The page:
Post doc Andrew Brown

We have long known that diseases such as schizophrenia and bipolar disorder have genetic risk factors, from observing when the disease is present in multiple family members or even pairs of identical twins.

Can we use gene expression to construct a mechanistic model of how DNA increases the risk of mental illness?

More recently we have been able to discover 100s of places in our DNA (or loci) which predispose us to these diseases. However, we currently have little idea of how these loci act. Gene expression is one way in which we are trying to answer this question. Gene expression is the first step in how the genetic code is read: DNA is transcribed into mRNA, later this mRNA is converted into proteins. DNA itself can affect this process, we know that there exist certain loci (called eQTL) which make a gene create more of this mRNA. If we see that such an eQTL also predisposes someone to mental illness, then we can infer that the increase in mRNA is in some sense mediating this process.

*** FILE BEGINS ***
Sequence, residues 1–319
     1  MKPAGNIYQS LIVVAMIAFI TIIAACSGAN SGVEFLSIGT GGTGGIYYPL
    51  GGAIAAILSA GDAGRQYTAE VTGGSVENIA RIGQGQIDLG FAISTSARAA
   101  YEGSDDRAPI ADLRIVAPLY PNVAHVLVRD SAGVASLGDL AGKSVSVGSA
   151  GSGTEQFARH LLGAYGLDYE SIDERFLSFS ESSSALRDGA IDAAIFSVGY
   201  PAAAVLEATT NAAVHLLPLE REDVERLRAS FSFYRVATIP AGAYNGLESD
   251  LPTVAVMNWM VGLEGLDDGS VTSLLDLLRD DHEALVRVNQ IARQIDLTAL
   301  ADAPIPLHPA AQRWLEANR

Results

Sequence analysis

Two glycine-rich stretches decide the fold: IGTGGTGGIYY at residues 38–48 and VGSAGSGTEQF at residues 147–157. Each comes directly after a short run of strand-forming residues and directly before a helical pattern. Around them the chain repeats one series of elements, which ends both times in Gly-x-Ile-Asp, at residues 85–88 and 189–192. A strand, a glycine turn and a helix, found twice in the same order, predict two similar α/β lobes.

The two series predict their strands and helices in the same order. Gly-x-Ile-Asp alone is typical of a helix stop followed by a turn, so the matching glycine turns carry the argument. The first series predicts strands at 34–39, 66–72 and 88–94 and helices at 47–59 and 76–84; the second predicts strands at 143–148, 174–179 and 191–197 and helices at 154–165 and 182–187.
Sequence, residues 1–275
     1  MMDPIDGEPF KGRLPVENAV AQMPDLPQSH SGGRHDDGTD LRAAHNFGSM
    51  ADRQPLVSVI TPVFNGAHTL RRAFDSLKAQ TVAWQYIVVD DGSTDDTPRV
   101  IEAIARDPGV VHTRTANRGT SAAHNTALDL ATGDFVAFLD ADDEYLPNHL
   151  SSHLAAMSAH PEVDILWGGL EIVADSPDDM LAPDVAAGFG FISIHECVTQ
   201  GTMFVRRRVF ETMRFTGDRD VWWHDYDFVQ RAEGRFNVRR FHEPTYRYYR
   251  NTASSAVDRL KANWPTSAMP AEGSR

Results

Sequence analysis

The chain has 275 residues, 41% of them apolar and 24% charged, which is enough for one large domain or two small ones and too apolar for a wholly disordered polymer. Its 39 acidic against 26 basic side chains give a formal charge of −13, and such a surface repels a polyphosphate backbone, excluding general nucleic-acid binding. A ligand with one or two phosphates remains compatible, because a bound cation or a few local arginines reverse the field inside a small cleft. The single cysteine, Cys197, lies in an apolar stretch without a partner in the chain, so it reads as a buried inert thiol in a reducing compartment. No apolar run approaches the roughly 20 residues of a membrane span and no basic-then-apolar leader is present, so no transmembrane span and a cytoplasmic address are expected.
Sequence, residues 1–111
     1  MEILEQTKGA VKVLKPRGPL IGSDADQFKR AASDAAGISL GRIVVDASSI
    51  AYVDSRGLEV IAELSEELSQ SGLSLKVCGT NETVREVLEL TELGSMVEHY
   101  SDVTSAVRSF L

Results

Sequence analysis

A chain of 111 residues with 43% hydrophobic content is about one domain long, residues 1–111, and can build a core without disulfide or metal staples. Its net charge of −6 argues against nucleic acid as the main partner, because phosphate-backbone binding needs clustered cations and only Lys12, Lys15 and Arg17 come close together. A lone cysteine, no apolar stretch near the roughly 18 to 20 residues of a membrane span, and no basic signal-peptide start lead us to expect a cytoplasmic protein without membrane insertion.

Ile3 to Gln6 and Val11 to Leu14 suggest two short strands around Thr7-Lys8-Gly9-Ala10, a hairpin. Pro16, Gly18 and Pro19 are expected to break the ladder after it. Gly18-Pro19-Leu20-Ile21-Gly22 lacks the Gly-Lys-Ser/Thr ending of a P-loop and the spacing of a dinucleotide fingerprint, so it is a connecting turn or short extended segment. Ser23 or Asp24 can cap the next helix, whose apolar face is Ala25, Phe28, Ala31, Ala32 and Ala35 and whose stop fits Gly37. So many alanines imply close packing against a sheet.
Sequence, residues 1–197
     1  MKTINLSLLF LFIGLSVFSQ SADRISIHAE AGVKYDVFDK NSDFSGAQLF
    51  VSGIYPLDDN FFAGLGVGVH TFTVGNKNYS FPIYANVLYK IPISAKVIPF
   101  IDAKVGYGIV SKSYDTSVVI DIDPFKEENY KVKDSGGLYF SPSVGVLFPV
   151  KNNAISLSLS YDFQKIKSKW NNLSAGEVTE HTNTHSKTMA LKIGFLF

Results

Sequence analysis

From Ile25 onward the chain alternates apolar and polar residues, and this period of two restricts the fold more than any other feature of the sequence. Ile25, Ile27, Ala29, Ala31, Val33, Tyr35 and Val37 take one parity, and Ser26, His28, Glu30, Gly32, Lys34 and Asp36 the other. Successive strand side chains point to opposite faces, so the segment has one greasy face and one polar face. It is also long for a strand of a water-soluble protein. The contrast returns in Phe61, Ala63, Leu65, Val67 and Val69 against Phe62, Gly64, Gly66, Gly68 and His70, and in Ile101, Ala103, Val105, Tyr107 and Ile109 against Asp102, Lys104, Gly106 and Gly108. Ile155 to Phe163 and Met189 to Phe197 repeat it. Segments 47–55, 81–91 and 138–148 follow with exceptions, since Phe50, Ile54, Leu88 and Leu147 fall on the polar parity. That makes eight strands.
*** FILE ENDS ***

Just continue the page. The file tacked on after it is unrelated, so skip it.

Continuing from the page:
What form does the genetic influence on desease take?

Another gap in our current knowledge is about the genetic architecture of diseases such as schizophrenia: most of the genetic influence on disease is unknown and there is much debate on what form it takes.

Competing theories include:

1) there are a great number of genetic influences, most very small (polygenic model),

2) genetic influences are usually rare in the population (rare variants),

3) genetic influences do not work alone, but in combination with each other (epistasis), and

4) genetic influences only exhibit in certain environments (gene-environment interactions).

Despite much work in this area, this is still very much an open question. Because gene expression is a phenomenon so close to DNA, we observe much larger effects. This means that aspects of genetic architecture which require hundreds of thousands of people to observe when studying diseases such as schizophrenia (more than the total number with the disease in Norway), we can observe with hundreds. I have looked for evidence of these four phenomena affecting gene expression: the assumption being that if they work as this level they likely "bubble up" to act on disease traits as well.

Publisert 18. aug. 2014 11:34